Many sexual violence prevention efforts aim to change individual beliefs and attitudes that contribute to a culture where sexual violence is prevalent. While these strategies are an important piece of the puzzle when it comes to creating social change, a more comprehensive approach that addresses environmental and social factors that lead to these beliefs and attitudes is necessary in preventing sexual violence. Engaging in effective community level prevention is crucial in our efforts to change the cultural and social norms that lead to sexual violence.
Community level strategies address the factors that are related to sexual violence perpetration in schools, workplaces, and other settings where social relationships occur. Effective and sustainable social change on this level requires that communities take the lead in identifying and addressing factors that contribute to sexual violence.
Here are a few strategies that preventionists can use when working on the community level:
Define the Community
There are several different ways to delineate “community.” It can describe a group of people who work and/or live in a geographical area (e.g. a county, city, or neighborhood), or it can be a group of people who have something in common, such as age or spirituality. The first step to working on the community level is to narrow down the community you want to work with. It can be helpful to consider the following questions when identifying potential community partners:
- What community connections do you already have?
- What community connections are you lacking?
- Who is doing work related to the root causes of sexual violence?
- Where is prevention most needed?
- What communities are ready to engage in sexual violence prevention?
Learn About the Community
Once you have defined the community that you will be working with, the next step is to become familiar and gain trust within the community. This starts with spending time in the community and building relationships with people who have shared interests. Understanding the community and its makeup is central to identifying prevention strategies. For example, learning about individuals and groups that are already working to make a community safer will help in identifying potential collaborators. Because sexual violence is related to other types of violence and inequities, it is also important to consider how community members are affected by other issues and the effect that will have on community level social change strategies.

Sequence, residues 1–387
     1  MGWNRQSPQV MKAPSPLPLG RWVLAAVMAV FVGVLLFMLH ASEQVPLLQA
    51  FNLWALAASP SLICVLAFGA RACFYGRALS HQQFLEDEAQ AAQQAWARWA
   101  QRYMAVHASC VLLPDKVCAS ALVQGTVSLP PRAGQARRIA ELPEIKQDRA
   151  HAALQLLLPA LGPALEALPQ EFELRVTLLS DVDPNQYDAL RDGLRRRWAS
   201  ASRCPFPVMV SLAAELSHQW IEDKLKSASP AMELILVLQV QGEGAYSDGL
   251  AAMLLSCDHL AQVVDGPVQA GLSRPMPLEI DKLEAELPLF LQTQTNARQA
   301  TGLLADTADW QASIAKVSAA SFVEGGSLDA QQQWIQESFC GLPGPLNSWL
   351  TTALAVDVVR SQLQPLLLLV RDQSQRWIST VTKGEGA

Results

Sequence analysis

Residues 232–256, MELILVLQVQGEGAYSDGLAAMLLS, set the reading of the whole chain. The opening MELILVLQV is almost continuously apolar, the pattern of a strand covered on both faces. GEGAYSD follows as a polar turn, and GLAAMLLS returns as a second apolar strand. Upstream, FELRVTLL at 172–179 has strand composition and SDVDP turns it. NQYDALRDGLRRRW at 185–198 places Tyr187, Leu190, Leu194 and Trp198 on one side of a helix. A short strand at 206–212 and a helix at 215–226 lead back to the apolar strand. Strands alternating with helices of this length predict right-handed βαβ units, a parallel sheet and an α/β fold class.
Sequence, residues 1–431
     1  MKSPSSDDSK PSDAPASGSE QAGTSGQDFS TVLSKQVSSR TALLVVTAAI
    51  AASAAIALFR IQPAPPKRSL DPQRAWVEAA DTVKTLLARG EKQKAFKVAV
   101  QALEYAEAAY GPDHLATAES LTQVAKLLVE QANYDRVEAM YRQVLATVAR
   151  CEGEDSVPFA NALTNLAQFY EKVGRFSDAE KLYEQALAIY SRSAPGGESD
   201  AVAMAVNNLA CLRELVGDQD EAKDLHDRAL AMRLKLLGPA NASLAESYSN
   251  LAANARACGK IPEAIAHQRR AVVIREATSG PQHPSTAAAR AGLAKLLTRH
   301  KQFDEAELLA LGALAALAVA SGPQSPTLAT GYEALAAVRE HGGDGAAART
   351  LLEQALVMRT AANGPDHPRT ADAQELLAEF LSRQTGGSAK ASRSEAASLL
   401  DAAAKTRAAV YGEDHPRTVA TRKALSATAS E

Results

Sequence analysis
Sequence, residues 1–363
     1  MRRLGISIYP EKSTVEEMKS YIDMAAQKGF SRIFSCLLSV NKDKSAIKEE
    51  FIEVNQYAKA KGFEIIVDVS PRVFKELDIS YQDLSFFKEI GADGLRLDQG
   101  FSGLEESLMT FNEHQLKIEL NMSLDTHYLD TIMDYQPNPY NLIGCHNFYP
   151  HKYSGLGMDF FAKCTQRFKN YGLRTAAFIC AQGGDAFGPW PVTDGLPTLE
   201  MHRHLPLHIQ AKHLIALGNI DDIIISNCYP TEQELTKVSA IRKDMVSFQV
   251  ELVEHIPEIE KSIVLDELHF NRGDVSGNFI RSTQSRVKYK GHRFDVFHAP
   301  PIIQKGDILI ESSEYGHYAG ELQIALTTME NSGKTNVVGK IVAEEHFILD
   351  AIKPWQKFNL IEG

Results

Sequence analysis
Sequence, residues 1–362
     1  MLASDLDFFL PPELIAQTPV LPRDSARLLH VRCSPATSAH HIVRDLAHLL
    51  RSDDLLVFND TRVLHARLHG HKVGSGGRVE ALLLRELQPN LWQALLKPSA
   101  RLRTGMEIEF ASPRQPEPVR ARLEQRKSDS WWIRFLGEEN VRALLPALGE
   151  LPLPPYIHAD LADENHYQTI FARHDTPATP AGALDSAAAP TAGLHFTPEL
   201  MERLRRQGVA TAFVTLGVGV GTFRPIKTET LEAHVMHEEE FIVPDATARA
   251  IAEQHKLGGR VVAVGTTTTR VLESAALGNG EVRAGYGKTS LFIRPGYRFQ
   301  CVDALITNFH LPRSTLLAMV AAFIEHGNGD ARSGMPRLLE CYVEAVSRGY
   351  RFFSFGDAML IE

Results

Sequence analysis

If the goal is to empower communities to engage in social change work related to sexual violence, members of the community should be knowledgeable about sexual violence and its effects on their environment. Providing background information on the issue and space for community members to discuss the role that sexual violence plays in their community can help to empower them to take the lead in community level prevention. We should actively avoid defining problems or solutions for communities in our efforts to equip them with knowledge about sexual violence.
Connecting communities with individuals and groups that have shared interests or influence is one way that we can empower communities to lead prevention efforts. For example, a community sexual assault program might have a member of its board of directors that holds political influence. Making a connection between this board member and a community group may be an effective way to facilitate a relationship that could contribute to community level social change.
Identify Funding Opportunities
Community level change strategies often require some level of funding. Assisting community groups in identifying potential funding streams can increase the reach and sustainability of social change efforts.